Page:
Many questions remain, but for now the one I’m thinking about is: What should we do with that last tomato standing from the 2015 garden?

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Adventures with elderberries

Sambucus berriesHippocrates, an ancient Greek physician, called the elder plant his “medicine chest.”

Black Elderberry, Sambucus nigra (of European origin), or the native North American Sambucus canadensis, yields abundant blossoms and berries that are high in antioxidants (like blueberries and cranberries). Today’s herbalists, like Hippocrates, also reach for elderberry for its immune-boosting, anti-inflammatory and anti-fever actions.

elderberry bushIn addition, this bush is easy to grow.  It is happy in sunny locations, likes a range of soils of moderate fertility, and even has some flood tolerance, although it doesn’t like the soil to dry out when it is young.  The spreading bush grows six to 12 feet tall and wide.

IMG_20150814_155904589_HDRWe have four established elderberry bushes in our yard, and at a recent NOFA workshop I  learned about ways to propagate my own new bushes.  The presenter, Gregory Ormsby Mori, said that there are several ways to multiply the number of bushes. The easiest is called “dormant hardwood cuttings” gathered while you are pruning your bushes (between fall and early spring, before bud break). As you cut off some of the previous season’s new but brown woody growth, collect pieces of pencil thickness. Cutting the base at an angle and the top flat, make sure you have 2-4 leaf nodes on each piece.  Then you just stick the pointed end in the ground with some nodes below and some above the surface of the soil. Most will form roots and sprout leaves without any further work on your part besides a bit of watering and weeding.  Who knew!? One can also root softwood cuttings early in the growing season (May to June), after dipping the bottom of the cuttings in a root hormone powder or solution.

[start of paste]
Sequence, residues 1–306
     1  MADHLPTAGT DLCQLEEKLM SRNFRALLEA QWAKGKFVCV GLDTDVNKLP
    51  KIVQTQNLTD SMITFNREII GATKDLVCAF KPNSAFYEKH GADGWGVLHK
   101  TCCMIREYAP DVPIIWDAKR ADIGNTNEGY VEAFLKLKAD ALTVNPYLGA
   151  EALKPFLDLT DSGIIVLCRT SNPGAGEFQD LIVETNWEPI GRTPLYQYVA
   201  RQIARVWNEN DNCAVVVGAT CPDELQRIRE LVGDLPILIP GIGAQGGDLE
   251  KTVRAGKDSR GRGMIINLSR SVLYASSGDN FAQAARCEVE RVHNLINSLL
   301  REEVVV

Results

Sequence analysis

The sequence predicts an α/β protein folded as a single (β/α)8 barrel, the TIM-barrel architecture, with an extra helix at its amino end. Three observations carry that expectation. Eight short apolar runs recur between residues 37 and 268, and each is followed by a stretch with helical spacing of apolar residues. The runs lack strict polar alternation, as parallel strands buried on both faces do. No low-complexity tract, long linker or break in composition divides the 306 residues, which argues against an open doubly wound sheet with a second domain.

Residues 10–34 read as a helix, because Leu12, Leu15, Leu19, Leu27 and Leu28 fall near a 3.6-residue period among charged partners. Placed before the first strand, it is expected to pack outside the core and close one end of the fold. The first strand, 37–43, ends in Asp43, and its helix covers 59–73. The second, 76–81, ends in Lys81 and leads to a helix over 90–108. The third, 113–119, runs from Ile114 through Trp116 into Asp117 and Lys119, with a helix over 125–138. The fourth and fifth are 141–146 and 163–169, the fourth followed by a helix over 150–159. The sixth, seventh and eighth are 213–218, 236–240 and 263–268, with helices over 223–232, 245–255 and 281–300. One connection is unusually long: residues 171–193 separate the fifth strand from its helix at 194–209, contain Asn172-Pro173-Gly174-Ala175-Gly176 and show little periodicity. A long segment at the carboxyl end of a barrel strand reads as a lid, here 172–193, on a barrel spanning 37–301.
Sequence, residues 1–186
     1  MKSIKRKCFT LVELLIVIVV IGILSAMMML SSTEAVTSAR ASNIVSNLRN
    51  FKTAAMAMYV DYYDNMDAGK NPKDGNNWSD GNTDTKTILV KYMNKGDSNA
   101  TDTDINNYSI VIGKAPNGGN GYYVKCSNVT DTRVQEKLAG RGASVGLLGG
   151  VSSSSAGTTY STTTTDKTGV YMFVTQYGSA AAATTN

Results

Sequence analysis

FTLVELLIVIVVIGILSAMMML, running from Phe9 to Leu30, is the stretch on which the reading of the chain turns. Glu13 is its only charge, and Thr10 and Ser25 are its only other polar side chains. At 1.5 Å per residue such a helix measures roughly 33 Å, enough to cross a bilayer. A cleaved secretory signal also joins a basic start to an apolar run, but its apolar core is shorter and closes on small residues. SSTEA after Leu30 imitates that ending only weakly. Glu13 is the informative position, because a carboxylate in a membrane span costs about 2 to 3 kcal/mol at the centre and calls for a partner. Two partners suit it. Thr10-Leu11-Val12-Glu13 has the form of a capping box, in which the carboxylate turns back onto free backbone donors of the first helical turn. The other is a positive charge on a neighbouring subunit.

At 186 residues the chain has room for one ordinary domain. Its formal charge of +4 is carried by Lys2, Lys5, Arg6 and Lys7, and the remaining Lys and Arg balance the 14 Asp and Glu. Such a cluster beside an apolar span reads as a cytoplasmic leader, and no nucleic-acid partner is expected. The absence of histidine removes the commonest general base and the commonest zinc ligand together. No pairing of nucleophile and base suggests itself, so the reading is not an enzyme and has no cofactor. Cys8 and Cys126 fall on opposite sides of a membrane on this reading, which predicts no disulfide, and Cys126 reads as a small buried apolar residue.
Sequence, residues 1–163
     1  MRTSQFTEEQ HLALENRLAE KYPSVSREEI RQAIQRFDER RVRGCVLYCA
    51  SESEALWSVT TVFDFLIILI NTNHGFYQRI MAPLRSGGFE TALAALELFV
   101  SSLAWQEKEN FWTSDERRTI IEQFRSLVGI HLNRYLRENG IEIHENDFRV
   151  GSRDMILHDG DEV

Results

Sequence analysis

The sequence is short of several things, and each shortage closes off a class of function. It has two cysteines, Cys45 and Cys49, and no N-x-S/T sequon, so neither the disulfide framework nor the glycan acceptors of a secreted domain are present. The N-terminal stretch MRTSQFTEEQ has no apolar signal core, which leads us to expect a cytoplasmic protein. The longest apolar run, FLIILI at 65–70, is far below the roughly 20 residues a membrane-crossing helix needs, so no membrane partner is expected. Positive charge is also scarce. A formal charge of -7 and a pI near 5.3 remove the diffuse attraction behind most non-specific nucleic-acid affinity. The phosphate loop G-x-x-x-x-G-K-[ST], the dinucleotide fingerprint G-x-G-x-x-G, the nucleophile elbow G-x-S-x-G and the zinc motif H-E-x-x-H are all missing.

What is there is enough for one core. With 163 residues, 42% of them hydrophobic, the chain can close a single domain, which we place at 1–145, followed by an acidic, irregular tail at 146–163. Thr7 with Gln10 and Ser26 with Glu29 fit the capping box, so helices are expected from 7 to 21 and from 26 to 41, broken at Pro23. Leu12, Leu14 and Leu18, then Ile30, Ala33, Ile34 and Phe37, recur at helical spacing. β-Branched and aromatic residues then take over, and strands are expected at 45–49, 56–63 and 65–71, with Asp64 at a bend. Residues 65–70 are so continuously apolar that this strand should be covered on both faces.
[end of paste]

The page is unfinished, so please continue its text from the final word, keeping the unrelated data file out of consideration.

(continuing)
IMG_20150820_114632831Another thing I learned at the workshop was two ways to separate the berries from their stems.  Elderberries are tiny (about 3/16″ in diameter) and their stems, like the leaves and branches, contain toxic compounds, some of which are emetic (they can make you throw up!)

Previously, when I cut off the heads (cymes) heavily loaded with these black, shiny berries, I spent long hours picking off each little berry before processing.  Tedious!  But  two quicker ways to do the job are:  1) Freezing the whole cluster of berries and then removing the still frozen berries and  2) using a homemade “destemmer” constructed by cutting a piece of hardware cloth to fit over a container (bowl or bucket) and  gently rubbing the clusters on the hardware cloth (shown in photo). The berries just fall into the container. The small number of fine stems remaining are easily picked out.